Before WW1 began, the French and the English were already having disagreements over Regulation 17, which was introduced by the Ontario Department of Education in 1913. The French felt they were having their rights taken away and that the English were being strongly favoured.
Many French Canadians were beginning to have serious doubts about the need to go and fight against the "Prussians" Tempers flared at both ends of the school debate. An angry Henri Bourassa declared that the real war was not in Euope but in Ontario. The bitterness towards the English weakened support for the war in Quebec.
Men were desparately needed on the battlefield. Prime Minister Robert Borden travelled to Europe to see for himself how the war was going. He knew that there was no way Canada would survive the ewar unless he could get more soldiers.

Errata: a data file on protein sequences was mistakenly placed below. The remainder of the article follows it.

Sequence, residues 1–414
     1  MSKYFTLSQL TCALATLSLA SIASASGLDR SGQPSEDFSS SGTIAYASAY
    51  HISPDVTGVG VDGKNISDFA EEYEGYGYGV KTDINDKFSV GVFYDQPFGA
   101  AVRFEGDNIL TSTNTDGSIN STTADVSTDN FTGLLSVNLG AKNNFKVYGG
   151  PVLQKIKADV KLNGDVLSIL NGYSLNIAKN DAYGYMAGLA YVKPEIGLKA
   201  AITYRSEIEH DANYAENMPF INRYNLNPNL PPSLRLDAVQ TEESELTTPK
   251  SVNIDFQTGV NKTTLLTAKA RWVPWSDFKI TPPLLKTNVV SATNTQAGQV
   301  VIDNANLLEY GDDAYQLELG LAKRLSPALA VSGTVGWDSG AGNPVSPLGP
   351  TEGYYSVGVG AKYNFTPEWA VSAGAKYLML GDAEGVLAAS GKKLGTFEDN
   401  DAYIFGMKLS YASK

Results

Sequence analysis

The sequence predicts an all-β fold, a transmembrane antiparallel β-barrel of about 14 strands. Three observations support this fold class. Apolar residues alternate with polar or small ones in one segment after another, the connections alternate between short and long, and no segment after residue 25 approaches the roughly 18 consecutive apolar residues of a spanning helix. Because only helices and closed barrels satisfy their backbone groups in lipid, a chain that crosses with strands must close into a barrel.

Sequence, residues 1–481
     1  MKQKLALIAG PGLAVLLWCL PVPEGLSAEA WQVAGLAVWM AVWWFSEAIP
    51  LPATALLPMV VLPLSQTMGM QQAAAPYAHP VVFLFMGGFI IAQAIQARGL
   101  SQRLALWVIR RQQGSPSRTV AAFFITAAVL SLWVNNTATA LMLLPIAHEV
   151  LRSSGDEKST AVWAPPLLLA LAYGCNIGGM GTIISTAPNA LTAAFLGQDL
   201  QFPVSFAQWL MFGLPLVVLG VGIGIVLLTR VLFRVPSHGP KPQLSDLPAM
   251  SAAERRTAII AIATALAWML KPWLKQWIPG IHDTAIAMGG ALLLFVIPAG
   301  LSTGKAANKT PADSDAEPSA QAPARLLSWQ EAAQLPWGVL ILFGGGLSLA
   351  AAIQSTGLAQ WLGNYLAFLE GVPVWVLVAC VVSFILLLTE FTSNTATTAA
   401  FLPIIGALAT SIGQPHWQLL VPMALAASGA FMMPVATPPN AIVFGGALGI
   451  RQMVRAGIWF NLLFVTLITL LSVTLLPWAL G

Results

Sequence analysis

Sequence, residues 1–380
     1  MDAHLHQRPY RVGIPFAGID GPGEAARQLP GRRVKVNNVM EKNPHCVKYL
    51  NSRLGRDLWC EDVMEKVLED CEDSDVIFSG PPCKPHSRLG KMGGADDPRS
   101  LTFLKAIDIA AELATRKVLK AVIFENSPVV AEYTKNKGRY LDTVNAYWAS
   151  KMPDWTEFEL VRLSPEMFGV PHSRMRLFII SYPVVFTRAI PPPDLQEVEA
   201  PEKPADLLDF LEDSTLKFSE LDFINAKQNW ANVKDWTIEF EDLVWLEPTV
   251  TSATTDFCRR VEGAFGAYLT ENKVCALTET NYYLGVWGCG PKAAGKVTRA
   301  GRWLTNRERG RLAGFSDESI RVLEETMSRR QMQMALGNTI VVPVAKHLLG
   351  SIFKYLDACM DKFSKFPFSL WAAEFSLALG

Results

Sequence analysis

On May 18, 1917, Borden stood up in the House of Commons and announced a new policy of conscription. "All citizens are liable for the defense of their counrty. And I conceive that the battle for Canadian liberty is being fought on the plains of New France and Belgium."
The year 1917 was a year of worry and despair. Ideas of conscription flowed through the minds of members of Parliament. To most Canadians, anything but complete dedication was unthinkable but not all Canadians reacted in the same matter.